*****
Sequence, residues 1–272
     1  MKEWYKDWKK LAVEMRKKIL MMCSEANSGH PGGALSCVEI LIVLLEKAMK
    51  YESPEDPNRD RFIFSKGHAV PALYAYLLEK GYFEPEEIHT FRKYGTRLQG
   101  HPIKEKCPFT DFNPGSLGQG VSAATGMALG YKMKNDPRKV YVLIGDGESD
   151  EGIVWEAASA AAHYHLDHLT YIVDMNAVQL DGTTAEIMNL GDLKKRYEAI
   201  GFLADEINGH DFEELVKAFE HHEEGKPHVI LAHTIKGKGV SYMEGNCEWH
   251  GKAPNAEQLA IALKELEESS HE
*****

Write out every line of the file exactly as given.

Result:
Sequence, residues 1–272
     1  MKEWYKDWKK LAVEMRKKIL MMCSEANSGH PGGALSCVEI LIVLLEKAMK
    51  YESPEDPNRD RFIFSKGHAV PALYAYLLEK GYFEPEEIHT FRKYGTRLQG
   101  HPIKEKCPFT DFNPGSLGQG VSAATGMALG YKMKNDPRKV YVLIGDGESD
   151  EGIVWEAASA AAHYHLDHLT YIVDMNAVQL DGTTAEIMNL GDLKKRYEAI
   201  GFLADEINGH DFEELVKAFE HHEEGKPHVI LAHTIKGKGV SYMEGNCEWH
   251  GKAPNAEQLA IALKELEESS HE